States and Moral Pluralism

By Fossett, James W.; Ouellette, Alicia R. et al. | The Hastings Center Report, November-December 2007 | Go to article overview

States and Moral Pluralism


Fossett, James W., Ouellette, Alicia R., Philpott, Sean, Magnus, David, McGee, Glenn, The Hastings Center Report


Bioethicists are often interested mostly in national standards and institutions, but state governments have historically overseen a wide range of bioethical issues and share responsibility with the federal government for still others. States ought to have an important role. By allowing for multiple outcomes, the American federal system allows a better fit between public opinion and public policies.

The latent causes of faction are thus sown in the nature of man.... A zeal for different opinions concerning religion, concerning government, and many other points, as well of speculation as of practice; an attachment to different leaders ambitiously contending for pre-eminence and power ... have, in turn, divided mankind into parties, inflamed them with mutual animosity, and rendered them much more disposed to vex and oppress each other than to co-operate for their common good.... [T]he CAUSES of faction cannot be removed, and ... relief is only to be sought in the means of controlling its EFFECTS.

--Federalist, No. 10

Bioethicists can be fairly accused of wanting to solve complex problems with single standards and national institutions. Both liberal and conservative bioethicists have pressed for national standards administered by federal agencies across a wide variety of issues, ranging from research ethics and assisted reproduction to the governance and financing of stem cell research. Despite this national focus, states have been and will continue to be principal players in bioethical decision-making. By contrast with other disciplines, bioethics has paid little systematic attention to the division of labor between state and federal governments. As a consequence, it has not adequately understood how federalism affects the development of policy and the rights of individuals.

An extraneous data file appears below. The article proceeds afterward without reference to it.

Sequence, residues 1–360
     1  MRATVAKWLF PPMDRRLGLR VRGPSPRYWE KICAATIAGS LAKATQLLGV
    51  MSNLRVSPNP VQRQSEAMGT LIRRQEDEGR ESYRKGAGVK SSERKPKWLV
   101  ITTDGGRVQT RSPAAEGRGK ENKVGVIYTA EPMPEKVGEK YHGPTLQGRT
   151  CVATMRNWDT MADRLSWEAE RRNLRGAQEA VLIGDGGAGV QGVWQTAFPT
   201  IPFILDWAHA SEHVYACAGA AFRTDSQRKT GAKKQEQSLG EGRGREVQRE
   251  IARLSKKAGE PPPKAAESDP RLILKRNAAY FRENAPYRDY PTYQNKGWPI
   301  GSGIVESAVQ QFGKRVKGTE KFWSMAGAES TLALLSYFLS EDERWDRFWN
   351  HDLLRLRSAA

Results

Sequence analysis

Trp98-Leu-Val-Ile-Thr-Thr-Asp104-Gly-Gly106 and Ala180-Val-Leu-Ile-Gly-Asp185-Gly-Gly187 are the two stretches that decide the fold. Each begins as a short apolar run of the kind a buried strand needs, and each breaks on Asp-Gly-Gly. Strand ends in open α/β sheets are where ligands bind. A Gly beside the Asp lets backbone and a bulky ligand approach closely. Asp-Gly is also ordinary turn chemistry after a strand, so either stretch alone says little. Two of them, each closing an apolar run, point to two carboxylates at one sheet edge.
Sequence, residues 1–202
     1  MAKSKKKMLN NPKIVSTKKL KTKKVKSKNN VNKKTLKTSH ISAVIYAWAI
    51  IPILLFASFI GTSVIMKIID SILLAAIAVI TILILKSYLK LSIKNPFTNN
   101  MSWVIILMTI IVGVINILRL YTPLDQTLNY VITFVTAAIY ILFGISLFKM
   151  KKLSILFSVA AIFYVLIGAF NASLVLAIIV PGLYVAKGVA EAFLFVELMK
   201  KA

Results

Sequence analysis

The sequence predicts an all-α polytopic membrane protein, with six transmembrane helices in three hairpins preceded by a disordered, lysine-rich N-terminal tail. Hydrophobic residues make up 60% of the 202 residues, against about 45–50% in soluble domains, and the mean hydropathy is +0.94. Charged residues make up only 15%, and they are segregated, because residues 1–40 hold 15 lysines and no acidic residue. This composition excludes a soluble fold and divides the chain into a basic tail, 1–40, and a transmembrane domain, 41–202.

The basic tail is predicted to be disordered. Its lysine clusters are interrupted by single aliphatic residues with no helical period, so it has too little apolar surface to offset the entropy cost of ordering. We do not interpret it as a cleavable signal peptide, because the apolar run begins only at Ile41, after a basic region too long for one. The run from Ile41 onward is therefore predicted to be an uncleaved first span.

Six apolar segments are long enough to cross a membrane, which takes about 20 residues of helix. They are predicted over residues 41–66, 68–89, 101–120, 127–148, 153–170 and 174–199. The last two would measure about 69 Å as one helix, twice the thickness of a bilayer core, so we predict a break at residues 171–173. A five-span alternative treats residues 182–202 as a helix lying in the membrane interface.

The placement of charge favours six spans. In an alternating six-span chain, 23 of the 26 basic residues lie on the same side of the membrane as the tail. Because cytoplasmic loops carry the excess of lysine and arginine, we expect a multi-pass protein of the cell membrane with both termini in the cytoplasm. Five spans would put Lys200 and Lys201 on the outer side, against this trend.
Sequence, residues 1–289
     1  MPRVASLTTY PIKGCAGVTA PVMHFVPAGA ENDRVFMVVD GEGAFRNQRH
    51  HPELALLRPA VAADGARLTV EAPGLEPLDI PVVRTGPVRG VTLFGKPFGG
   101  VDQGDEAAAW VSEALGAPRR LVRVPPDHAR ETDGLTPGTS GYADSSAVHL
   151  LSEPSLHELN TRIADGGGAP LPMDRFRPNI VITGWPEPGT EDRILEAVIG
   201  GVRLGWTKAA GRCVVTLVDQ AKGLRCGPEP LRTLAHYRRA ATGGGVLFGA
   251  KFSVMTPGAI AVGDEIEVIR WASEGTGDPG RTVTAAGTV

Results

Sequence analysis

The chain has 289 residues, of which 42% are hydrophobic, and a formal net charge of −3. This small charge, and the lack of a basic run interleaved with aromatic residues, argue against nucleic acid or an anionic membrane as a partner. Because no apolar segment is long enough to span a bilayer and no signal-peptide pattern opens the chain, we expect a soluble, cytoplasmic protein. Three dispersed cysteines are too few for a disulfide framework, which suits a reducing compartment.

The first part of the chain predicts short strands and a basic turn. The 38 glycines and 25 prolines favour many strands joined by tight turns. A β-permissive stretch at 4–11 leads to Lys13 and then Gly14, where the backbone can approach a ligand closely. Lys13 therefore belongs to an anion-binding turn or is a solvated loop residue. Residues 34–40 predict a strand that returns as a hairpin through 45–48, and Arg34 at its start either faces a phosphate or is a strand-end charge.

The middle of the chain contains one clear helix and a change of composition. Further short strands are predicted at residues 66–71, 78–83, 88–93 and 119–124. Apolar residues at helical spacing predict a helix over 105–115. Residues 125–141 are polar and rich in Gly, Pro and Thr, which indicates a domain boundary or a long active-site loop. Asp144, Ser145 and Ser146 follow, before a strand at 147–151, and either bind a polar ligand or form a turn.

The premise of this paper is that bioethicists' neglect of federalism is a mistake on two levels: it gets the facts wrong, and it downplays the important benefits of the division of power between the states and the federal government. Rather than being peripheral actors, state legislatures and courts have been and continue to be major participants in the establishment and implementation of bioethics policy. Moreover, state activism in bioethics is not a bad thing. A federalist system--a system that distinguishes between the limited but supreme powers of a central government on the one hand and the broad sovereign powers of each of the states on the other--offers considerable advantages in managing the political conflicts that inevitably arise from moral pluralism, particularly around questions where there is no clear national consensus. Attention to federalism is especially critical now, given the many current and emerging issues that either touch areas where states are already major actors or seem likely to produce the divided views among both policy-makers and the public that have driven recent state activism.

This paper develops these arguments in five parts. First it examines the current state of federalism in bioethical discussions. The second part then documents the states' current role as major actors across a wide range of bioethical issues and notes several factors that enhance state influence. The third presents the normative case for a larger state role in bioethical decision-making. Fourth, we offer two case studies that illustrate the empirical and normative features of the federal system in making decisions about bioethical issues. And finally, we consider the questions that need to be addressed in a "federalist" approach to bioethics in which both state and federal governments are recognized as important actors.